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Sisi supporters secure second-round elections victory

An overview of Egypt's upcoming parliamentary runoff elections and results.
A street vendor walks under election campaign banners in downtown Cairo, ahead of the second round of parliamentary election, November 19, 2015. Official results showed a political alliance loyal to Egyptian President Abdel Fattah al-Sisi has scooped all 60 list seats up for grabs in the first round of a parliamentary election in which opposition parties were all but absent. REUTERS/Mohamed Abd El Ghany - RTS7XID

CAIRO — Results of the second round of parliamentary elections held Nov. 22-23 painted the features of the Egyptian parliament’s political composition with the emergence of coalitions and alliances associated with the political regime. These coalitions and alliances are expected to back the regime inside Egypt’s parliament, particularly in the absence of a political party linked to, or representing, President Abdel Fattah al-Sisi in the legislature.

According to final results announced by the Supreme Electoral Commission on Nov. 25, 29.83% of eligible voters participated in second-round electoral districts. The governorates of the Sinai Peninsula, Kafr el-Sheikh and Dakahlia registered the highest rates, for reasons that observers linked to clan and family mobilization in favor of particular candidates in those districts. The Cairo governorate recorded the lowest percentage, despite the momentum engendered in the capital’s electoral districts by the candidacy of a number of public figures with media fame.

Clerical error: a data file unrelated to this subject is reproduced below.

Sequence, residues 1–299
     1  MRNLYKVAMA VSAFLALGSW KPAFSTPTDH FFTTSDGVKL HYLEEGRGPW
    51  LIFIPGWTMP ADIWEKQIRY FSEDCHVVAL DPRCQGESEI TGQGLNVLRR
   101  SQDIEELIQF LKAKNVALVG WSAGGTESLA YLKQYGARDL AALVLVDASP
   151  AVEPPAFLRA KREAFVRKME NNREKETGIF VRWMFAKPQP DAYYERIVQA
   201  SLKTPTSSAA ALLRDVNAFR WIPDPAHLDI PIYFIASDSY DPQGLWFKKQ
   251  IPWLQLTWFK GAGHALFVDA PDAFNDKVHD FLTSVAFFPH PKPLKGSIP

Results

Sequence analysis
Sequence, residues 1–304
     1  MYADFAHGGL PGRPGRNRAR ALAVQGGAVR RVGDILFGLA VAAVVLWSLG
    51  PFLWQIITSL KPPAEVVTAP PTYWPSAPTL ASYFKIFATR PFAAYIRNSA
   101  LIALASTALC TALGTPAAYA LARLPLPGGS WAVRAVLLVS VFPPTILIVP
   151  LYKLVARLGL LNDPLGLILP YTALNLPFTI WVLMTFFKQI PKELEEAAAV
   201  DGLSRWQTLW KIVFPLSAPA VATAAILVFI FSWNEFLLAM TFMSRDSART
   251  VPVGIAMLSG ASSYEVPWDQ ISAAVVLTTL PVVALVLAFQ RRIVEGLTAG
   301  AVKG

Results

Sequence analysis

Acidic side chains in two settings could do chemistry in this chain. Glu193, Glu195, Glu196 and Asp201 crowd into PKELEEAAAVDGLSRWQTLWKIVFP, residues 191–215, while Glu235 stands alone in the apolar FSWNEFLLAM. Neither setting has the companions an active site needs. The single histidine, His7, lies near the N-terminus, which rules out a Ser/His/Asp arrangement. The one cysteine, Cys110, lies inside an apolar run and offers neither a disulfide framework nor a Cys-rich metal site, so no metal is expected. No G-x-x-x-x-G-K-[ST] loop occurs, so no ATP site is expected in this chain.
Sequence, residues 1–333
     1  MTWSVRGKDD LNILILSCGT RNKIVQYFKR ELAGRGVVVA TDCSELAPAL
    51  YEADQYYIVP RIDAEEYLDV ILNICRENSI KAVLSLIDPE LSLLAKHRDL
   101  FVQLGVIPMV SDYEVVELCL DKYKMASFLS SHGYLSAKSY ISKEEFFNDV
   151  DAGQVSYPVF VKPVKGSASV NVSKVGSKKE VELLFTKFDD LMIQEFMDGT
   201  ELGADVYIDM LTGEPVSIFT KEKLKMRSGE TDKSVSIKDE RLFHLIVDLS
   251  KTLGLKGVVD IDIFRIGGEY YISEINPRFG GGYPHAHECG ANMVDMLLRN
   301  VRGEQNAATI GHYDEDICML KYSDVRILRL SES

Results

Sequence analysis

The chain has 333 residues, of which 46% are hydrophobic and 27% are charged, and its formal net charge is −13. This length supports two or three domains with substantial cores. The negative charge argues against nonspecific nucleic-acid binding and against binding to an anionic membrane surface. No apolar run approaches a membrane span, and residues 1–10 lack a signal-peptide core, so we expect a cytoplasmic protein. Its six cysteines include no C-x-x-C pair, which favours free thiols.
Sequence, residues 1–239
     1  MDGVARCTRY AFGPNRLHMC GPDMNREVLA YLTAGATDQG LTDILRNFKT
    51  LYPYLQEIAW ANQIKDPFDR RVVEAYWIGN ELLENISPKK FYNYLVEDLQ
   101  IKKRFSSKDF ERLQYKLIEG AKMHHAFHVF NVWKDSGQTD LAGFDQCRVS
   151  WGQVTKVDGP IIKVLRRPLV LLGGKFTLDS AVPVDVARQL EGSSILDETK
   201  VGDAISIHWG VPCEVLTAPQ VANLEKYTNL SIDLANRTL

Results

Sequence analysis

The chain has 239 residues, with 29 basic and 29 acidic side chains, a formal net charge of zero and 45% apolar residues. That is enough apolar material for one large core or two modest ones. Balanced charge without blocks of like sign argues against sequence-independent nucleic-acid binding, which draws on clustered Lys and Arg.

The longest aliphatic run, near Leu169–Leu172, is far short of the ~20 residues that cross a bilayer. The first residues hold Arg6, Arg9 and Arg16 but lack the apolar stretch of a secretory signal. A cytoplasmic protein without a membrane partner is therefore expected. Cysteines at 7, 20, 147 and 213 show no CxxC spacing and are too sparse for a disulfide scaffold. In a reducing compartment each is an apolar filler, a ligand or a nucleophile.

For the second time, the regime-backed “For the Love of Egypt” list won all 60 seats allocated for lists in the second round of elections. It thereby became the only list to achieve victory in the first and second rounds of parliamentary elections, with a total of 120 seats, or 20% of parliamentary seats. 

On the other hand, voting for the 222 individual seats saw victories achieved by only eight candidates in the second round of elections, most of whom are businessmen and media personalities, such as political analyst Samir Ghattas, businessman Talaat al-Suweidi and former Cabinet minister during Hosni Mubarak’s reign, Ali al-Mseilhi. 

Thus, candidates from three political parties will have runoff elections to fill the remaining 214 seats: 55 candidates from the Free Egyptians Party, 50 from the Mostaqbal Watan Party (Future of a Nation), 43 from the Wafd Party and only eight candidates from the Salafist Nour Party. These candidates, who are contesting the runoff round from Nov. 30.-Dec. 2, included 100 candidates associated with the dissolved National Democratic Party in addition to 12 women and 14 Coptic Christians.

In that regard, parliamentary affairs researcher Yosri al-Azbawi told Al-Monitor, “Second-round results were heavily skewed in favor of parties, due to the fact that major political parties attempted to entice and attract the most influential candidates. The Free Egyptians Party, the Mostaqbal Watan Party and the Wafd Party will continue to dominate the political scene due [to] their parliamentary representative strength; while leftist parties suffered major setbacks due to various reasons — most importantly their lack of financial resources and inability to compete in a battle mainly ruled by political money.”

Al-Azbawi added, “Despite the influence of political money in deciding the outcome of a large number of seats, the process of buying votes was unsuccessful in many districts. Among them Nasr City east of Cairo, where a Coptic candidate won, despite competition from a number of businessmen there.”